Schuldich noticed his gaze and their eyes met, holding for a moment before Moriguchi bounded into the locker room.

    "How's it going, guys?" he asked, tossing a soccer ball lightly from hand to hand. "Almost done? We're going to go out and warm up soon- just the usual two laps and exercises. We'll run shuttles for a bit. Ken, I'll be shooting on you; Chuuhachi is still out sick." Ken nodded and Moriguchi swept the room with a glance and a wide smile. "Ready? Let's kick some ball!"

    His words were followed by whoops and howls of agreement and the players scrambled to their feet, adjusting the last bits of their uniform before dashing from the room. Hide grabbed Ken's elbow as he was tugging on his gloves and yanked him along with them. The shouts echoed off the walls of the tunnel as they ran. They burst into the sunlight of the field to a roar of approval from the already seated spectators.

    It was lucky for Ken that Hide released him then. Ken came to a dead halt right at the edge of the field, tilting his head back to stare upwards at the stadium. Yesterday it had given him an exciting sort of heebie-jeebies just to be in the huge stadium and imagine it packed. Today he was seeing it as he had envisioned. It was as if the dark and terrible years of being an assassin had melted away, and he had never left the fields at all.

    ~Maybe I am dead,~ Ken considered, but there was an awed sort of edge to his mental whisper, ~and this is heaven. This is the perfect afterlife, Schuldich...How could you call it mundane?~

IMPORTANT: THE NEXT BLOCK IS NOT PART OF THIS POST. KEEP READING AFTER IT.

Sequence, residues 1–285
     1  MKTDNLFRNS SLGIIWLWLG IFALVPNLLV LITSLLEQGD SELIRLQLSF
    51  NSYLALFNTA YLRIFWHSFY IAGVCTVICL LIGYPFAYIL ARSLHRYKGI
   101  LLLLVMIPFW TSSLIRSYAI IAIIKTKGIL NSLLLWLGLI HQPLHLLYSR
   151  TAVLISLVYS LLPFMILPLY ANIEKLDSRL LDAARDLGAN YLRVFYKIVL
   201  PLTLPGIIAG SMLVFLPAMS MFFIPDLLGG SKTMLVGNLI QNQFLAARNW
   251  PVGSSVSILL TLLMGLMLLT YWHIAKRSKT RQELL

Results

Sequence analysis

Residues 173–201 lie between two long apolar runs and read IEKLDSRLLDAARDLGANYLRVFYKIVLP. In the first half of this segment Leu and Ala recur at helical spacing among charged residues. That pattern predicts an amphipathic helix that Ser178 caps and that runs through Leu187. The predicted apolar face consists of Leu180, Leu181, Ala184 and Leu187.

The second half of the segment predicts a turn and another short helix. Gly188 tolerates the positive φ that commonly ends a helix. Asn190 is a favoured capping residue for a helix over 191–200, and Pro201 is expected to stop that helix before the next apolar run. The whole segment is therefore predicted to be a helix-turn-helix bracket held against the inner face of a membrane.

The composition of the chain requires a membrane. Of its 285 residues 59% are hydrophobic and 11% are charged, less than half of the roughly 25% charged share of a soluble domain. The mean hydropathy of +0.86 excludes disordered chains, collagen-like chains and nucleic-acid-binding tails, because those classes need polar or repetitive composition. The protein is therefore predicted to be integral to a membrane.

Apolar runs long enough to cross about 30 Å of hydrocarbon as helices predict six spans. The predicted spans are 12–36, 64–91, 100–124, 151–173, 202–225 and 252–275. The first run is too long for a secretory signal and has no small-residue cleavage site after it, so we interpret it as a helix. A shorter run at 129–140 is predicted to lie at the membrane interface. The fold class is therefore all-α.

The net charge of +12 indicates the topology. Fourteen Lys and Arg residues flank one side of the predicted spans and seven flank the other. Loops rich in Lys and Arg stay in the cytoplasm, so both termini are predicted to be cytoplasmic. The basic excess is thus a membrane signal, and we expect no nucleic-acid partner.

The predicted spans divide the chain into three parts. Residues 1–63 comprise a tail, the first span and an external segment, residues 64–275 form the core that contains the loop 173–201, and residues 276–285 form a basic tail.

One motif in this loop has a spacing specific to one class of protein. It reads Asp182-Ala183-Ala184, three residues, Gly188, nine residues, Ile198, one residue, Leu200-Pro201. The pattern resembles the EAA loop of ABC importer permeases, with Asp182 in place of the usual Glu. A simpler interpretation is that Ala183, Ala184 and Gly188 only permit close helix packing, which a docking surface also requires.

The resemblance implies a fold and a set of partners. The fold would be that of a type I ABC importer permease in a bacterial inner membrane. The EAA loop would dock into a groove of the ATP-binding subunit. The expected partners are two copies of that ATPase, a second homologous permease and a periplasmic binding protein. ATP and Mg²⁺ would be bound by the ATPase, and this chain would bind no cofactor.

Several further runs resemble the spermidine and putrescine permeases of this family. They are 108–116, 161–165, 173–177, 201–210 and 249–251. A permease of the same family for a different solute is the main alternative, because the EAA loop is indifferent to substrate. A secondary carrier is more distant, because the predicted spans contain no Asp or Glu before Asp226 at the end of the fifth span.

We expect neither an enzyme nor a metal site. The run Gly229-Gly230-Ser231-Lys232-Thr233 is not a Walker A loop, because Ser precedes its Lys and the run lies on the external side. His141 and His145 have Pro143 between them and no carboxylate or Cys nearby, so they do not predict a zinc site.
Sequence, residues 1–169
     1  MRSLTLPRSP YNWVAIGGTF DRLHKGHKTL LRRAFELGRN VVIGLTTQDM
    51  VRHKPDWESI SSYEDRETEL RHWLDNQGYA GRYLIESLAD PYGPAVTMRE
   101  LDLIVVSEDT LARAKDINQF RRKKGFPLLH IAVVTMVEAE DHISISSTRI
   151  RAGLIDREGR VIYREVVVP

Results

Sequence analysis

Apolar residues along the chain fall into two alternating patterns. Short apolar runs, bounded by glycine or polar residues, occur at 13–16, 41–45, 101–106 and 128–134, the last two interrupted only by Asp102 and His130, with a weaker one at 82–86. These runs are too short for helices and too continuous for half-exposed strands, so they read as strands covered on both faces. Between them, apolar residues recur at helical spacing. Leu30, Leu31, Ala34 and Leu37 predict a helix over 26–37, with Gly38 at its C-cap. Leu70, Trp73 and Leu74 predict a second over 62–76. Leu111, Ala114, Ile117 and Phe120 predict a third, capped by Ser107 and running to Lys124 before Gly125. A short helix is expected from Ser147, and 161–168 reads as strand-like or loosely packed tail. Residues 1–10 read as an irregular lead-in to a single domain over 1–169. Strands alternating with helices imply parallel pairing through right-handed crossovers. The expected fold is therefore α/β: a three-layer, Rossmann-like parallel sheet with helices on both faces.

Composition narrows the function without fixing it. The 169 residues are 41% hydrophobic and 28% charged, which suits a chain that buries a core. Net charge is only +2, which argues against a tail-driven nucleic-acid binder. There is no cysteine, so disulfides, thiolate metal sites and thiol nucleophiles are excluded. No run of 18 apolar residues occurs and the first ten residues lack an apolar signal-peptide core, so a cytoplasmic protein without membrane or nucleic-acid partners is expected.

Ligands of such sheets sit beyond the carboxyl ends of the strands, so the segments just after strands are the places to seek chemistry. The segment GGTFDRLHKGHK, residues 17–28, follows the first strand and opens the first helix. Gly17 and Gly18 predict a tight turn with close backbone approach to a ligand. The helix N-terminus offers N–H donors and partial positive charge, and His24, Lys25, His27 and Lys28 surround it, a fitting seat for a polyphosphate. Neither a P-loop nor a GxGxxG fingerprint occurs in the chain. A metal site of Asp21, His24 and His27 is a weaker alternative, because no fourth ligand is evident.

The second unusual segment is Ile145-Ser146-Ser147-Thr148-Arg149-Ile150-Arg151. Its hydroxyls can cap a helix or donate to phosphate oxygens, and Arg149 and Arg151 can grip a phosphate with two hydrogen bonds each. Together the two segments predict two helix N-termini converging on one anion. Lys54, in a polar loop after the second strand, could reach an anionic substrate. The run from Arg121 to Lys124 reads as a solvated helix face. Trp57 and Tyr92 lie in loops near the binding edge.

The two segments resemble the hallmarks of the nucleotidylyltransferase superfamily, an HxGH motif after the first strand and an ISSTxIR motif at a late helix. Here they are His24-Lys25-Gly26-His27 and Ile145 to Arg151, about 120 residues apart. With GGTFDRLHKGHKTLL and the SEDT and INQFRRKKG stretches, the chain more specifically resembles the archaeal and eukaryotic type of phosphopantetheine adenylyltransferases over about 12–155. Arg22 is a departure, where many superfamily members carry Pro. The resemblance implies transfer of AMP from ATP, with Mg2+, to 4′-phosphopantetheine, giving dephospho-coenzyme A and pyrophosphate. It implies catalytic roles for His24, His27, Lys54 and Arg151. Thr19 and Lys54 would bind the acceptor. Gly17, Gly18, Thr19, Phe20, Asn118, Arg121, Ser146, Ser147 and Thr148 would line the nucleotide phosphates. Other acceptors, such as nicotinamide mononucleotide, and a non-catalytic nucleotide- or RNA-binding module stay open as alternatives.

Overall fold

His blood was singing in his veins; his entire soul was crying out with a raw fire. Someone who had been separated from the love of his life for several nightmarish years had finally been returned to where he belonged. He took a deep breath, then stepped forward onto the grass.


    Ken remained where he was, listening to the roar of the crowd on his ears. He had never heard it so loud; had never _felt_ it beating into his veins like it was now. He could do nothing but stand there in front of his goal and stare up at the crowd. Every last person was on his or her feet, leaping up and down. The game was over; it had been a shut-out of 7-0. Not that the other team hadn't tried...but Ken's team was just better.

    To slip back into the role of goalkeeper had been easier than he had expected. At the beginning he had been nervous, thinking perhaps he would have forgotten something or something would have changed in the years since he had played. But no. One could not forget something that had been ingrained so deeply into them. Ken had not forgotten. He had ruled the goal and the defense line, yelling without hesitation so the players would take notice of what they would not have been able to see on their own.

    His team was clumped in the middle of field, grabbing a few moments to rejoice before they would go congratulate and thank their fallen opponents for their efforts. Ken was content to watch them as they slapped each other on the backs. He could hear their jubilant voices even if he could not make out the words.

    Oh, to do something that one loved so deeply...

    He would never forget this opportunity to play again. He reached out, rapping his knuckles on the nearest goal post before stepping out across the field. Hide and Miho ran to meet him and he returned their ecstatic hugs, more than willing to lose himself in their shared joy and love of the sport. When was the last time he had been surrounded by people who had been allowed to live their dream? It was an infectious, all-consuming warmth, and he laughed with them as they ran to tag onto the end of the line that was making its way towards the Wings.